MORWELL POST OFFICE. MAILS DESPATCHED. [Newspaper Article] — Morwell Advertiser and Weekly Chronicle — 29 January 1887
XOP WELL POST OPFIGO. MiAIsS D'SP-r Icuc D. Melbourne Up and Travelling P.O. rain at S n.m. Down Travelling P.O. train at 11 n.m. S]oojira, Tiilnar, Dirulinlirla, M irboo North at 11 n.m. F'ostr, 11 n.m., Mondays, Wcednesdays nud atunlays only. I:u?clurwom, at 12 noo. 3torrcll lJridgd, at, p.m [Melbourln nd UUp Travelling train, G p.m Down Travelling train, i p.m.
TO CORRESPONDENTS [Newspaper Article] — Morwell Advertiser and Weekly Chronicle — 29 January 1887
TO COI1IIESI'ONDENTS Letters' adu othir eammuaicntla,is ilcidcd for, isr tion ini thai newsr colaaaa ns iulu bosddclrcasad ao If re EIDITOrf. iRejcted letterr rsl'cnot be. ret rned nndcr any circuusnltdIccuarntsaover. \o fnotiC cca Ii takei of fhClyront Can asujicatinita -ver) ,tltter matust be arccnt. t l L by' fu filiamnte and address of the writer, inot necessaiily far iublicnationi, but na a gua atif e an ft goot fnitth. lI ISItn COts nattntniCatiotna to beo naddrtssad to the I'n iontieTrotia.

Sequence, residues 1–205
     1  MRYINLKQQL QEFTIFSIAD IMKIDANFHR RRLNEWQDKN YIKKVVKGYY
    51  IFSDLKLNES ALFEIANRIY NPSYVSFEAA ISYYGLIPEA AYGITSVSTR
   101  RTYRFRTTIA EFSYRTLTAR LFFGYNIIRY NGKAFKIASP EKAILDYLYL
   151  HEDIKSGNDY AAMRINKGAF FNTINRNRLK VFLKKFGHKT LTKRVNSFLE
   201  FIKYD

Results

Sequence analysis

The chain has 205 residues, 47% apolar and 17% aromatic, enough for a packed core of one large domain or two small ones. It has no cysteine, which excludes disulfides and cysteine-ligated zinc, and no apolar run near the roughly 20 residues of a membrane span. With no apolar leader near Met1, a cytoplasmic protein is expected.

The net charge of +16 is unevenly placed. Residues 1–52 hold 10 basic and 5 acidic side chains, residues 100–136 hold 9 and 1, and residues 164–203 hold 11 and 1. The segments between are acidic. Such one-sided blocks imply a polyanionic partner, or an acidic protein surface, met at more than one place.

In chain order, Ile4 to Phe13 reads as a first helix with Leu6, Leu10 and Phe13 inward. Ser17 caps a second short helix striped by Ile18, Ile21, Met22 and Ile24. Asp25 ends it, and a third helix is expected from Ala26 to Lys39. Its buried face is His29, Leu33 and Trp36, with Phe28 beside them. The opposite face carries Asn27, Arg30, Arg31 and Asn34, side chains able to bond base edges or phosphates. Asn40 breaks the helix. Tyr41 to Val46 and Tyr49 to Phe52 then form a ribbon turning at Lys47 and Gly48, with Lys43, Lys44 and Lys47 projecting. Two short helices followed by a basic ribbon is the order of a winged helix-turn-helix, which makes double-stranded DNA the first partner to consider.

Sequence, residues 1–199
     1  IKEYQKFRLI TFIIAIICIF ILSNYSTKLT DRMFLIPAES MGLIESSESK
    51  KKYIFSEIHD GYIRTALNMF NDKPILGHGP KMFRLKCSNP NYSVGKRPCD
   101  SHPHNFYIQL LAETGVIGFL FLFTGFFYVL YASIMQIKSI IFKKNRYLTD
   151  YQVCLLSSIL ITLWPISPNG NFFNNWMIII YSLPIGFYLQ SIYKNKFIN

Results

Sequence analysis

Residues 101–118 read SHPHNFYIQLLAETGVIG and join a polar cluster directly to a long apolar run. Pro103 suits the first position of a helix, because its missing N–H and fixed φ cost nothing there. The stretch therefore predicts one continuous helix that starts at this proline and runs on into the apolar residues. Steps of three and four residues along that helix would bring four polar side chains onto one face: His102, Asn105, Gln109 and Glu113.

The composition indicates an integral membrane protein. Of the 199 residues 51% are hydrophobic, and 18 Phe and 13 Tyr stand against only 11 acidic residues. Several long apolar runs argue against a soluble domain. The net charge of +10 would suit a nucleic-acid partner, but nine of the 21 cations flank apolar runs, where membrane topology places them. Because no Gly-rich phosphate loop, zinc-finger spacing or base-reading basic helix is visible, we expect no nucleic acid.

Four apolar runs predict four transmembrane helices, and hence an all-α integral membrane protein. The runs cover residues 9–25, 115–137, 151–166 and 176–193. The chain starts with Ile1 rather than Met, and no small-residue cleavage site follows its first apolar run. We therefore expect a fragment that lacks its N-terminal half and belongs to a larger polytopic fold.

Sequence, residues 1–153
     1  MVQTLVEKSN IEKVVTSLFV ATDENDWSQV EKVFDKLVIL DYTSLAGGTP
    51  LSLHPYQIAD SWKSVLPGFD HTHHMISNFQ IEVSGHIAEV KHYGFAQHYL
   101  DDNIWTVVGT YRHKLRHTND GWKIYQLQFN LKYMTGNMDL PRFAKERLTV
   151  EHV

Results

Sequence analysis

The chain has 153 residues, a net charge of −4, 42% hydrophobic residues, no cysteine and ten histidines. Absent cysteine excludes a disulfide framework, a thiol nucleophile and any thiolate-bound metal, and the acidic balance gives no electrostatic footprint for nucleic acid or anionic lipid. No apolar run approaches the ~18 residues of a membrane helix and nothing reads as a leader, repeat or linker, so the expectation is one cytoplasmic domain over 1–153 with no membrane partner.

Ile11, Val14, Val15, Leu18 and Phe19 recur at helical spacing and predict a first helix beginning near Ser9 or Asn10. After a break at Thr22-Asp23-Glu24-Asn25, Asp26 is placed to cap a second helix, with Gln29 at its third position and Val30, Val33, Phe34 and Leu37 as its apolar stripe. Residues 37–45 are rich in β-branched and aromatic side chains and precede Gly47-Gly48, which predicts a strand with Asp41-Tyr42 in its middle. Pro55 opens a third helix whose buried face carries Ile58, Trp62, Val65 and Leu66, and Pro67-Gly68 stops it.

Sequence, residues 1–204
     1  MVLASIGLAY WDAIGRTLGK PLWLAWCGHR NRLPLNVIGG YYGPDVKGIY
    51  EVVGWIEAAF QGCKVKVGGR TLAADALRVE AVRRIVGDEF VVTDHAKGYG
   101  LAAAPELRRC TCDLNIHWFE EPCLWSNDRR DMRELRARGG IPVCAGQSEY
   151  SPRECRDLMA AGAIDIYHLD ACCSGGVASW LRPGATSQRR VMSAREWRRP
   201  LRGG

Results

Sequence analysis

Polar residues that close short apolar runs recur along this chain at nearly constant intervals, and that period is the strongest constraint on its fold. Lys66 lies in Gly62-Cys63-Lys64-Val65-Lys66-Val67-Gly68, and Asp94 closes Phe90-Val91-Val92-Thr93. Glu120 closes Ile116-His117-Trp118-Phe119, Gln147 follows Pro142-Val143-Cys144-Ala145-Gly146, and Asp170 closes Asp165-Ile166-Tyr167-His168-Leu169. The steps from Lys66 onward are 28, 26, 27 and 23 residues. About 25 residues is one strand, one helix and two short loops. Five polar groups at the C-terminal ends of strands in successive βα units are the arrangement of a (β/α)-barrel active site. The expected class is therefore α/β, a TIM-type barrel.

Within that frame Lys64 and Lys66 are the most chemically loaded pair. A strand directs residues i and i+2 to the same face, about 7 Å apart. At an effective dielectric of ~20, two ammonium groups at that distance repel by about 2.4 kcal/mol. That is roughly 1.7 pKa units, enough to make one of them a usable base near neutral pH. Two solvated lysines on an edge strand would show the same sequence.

COMMERCIAL. FARM AND DAIRY PRODUCE. [Newspaper Article] — Morwell Advertiser and Weekly Chronicle — 29 January 1887
COMMIERCIAL. FAIIM AND DAIRY PRODUCE. The IFa nnrro Co-operative. BoioonsS AoSn cirliol olf Victoria, Linmited, 81, Little Collins street West. We held our usual sale' today (Wedl nesday, before ia large attendance of buyers andl report as follows :-" Cheese .-Short suppIly of prime, for which there is II golod demllInd at last Iratt. Fair demand for imedium, 4Jd to 54d; inferior, dull of sale ; potted butter, good demand for prime, at uld It 11 .; mediun, ,.i to 7d ; inferior, very difllcult to miiora it .id. IFreash Biller :-Good supply and ie Iand brisk ; for prime 4Ibs and Ibs, from Isa I to i 7l ; miCdiimi, Is 2d; inferisr, and out of condition lots very diflicult to sell at any price. Eggs:-Short supply ; marke nt for guaranteed lines at 10d to Is. So nlanv inferior eggs in the market,that buyers are careful.. SPoultry :-T urkeo, iT Cl to 1I- ; folids, as ? t to ??; duckl, S til to 4s Gl. lHoney :--1d for prinme ; inferior, diffi cult to place at anyi price. Erlit onld yesterd...
A STORY ABOUT CAPTAIN WEBB [Newspaper Article] — Morwell Advertiser and Weekly Chronicle — 29 January 1887